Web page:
The proposed public service agreement 'Building Momentum' is now certain to be ratified tomorrow after the largest public service union Fórsa voted to back it by a margin of almost 96%. 

The turnout was just over 58%. 

Today's vote means that the four largest unions - Fórsa, SIPTU, the Irish Nurses and Midwives Organisation and the Irish National Teachers Organisation - have all backed the two-year agreement.

This means a majority in favour is guaranteed in tomorrow's aggregate vote by the Public Services Committee of the Irish Congress of Trade Unions. 

The ratification will come as a relief to the Government, as it should deliver certainty in pay and industrial relations for the next two years as it combats the consequences of Covid-19 and Brexit. 

Fórsa General Secretary Kevin Callinan said the agreement, which includes improvements in pay and conditions for around 350,000 Government employees, would underpin stability in the delivery of public services over the two-year duration of the agreement, which expires at the end of 2022.

"I believe Fórsa members have given their strong endorsement to this agreement because its pay provisions are substantially weighted towards workers on lower incomes, and because it includes a mechanism to address the additional working hours introduced for lower-paid public servants during the last financial crisis," he said.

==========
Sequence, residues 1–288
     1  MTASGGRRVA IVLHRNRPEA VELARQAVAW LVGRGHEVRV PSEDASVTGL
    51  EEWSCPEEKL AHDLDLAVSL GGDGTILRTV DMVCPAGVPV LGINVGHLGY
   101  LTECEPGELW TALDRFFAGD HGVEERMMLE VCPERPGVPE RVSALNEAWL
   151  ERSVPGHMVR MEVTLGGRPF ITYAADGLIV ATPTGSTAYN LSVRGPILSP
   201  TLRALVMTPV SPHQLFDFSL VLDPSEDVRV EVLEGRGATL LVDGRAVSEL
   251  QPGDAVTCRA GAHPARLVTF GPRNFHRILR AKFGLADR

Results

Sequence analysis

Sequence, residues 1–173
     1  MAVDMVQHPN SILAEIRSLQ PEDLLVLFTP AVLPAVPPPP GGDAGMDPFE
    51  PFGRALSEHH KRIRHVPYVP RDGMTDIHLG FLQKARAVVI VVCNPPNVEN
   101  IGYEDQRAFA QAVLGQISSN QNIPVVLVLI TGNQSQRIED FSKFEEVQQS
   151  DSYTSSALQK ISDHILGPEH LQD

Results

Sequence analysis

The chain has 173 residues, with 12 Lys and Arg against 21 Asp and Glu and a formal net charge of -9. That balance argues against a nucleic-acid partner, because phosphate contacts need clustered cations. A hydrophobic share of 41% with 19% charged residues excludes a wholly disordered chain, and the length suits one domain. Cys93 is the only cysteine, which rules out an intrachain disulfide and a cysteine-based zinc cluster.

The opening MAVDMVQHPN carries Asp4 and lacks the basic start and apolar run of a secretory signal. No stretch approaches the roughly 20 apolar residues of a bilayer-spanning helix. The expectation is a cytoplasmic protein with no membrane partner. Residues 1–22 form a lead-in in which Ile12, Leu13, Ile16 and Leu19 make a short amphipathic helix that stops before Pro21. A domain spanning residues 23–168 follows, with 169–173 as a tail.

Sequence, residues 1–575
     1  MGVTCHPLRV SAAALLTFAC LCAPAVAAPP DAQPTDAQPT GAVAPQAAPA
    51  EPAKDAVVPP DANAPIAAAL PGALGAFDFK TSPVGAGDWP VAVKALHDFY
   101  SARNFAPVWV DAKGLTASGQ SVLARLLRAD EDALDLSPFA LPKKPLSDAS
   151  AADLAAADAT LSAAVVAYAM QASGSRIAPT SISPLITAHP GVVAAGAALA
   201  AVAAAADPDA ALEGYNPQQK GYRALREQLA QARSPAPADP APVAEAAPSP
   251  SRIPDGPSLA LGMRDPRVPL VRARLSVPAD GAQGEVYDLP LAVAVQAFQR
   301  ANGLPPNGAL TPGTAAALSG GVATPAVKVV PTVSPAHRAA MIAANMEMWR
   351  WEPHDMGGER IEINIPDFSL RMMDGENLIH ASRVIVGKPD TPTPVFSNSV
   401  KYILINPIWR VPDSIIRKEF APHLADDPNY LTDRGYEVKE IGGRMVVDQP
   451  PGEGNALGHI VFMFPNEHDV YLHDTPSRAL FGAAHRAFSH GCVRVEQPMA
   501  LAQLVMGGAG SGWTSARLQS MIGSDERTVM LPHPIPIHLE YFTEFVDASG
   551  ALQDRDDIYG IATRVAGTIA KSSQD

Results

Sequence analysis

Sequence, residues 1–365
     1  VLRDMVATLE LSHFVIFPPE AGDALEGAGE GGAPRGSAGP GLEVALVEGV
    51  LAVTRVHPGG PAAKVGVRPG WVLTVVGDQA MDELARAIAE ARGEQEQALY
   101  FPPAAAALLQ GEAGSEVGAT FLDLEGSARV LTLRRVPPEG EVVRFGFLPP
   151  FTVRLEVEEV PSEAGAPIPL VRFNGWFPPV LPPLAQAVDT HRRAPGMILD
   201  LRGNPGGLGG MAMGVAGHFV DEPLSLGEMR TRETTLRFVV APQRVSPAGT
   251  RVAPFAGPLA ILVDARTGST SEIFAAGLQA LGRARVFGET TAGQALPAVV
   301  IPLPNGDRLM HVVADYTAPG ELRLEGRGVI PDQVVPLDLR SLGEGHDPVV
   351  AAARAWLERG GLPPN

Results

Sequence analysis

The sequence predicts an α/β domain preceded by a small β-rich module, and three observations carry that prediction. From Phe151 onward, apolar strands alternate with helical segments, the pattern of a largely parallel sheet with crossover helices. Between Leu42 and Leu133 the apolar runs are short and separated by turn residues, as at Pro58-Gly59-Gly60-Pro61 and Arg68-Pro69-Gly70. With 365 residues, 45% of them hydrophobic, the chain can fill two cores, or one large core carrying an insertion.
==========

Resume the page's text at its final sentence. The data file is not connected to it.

"This is long overdue, not least because restoration has already been achieved for higher-paid staff who experienced temporary pay cuts as an alternative to added hours."

Mr Callinan, who also chairs the Public Services Committee of the Irish Congress of Trade Unions, said Fórsa would now work to ensure that the agreement was fully implemented, and that it delivered for those who use and provide public services. 

He anticipated that negotiations on a successor to 'Building Momentum', which with a two-year duration is shorter than the usual such agreements, will commence in the middle of next year.

Only three ICTU-affiliated unions have rejected the proposed agreement. 

The Association of Secondary Teachers in Ireland voted down the deal on the basis that it does not adequately address the two-tier pay structure for so called "new entrants" recruited since 2011. 

Meanwhile, the Irish Medical Organisation voiced frustration that the agreement did not address long-standing grievances of doctors, including a regrading claim for public health doctors, a two tier pay system for hospital consultants, working hours of Non-Consultant Hospital Doctors, 

The Medical Laboratory Scientists Association, which represents around 1,800 scientists, whose duties include Covid-19 testing rejected it as it failed to address a long-standing claim for pay equality with biochemists who they argue do equal work. 

The Teachers Union of Ireland has not yet carried out a ballot on the 'Building Momentum' proposals. 

Certain unions and associations, which are not affiliated to Congress and who negotiated through a separate strand, have not yet balloted as they are seeking clarifications.

They include representatives for An Garda Síochána grades, the Defence Forces enlisted and officer grades, and the Psychiatric Nurses Association. 

'Building Momentum' provides for a 1% pay rise in October 2021, a further 1% in October 2022, and a further increase of up to 1% via a new sectoral bargaining process. 

It also provides for restoration of austerity cuts to overtime and other allowances, and the commencement of a process to restore additional unpaid hours imposed during the global financial crisis.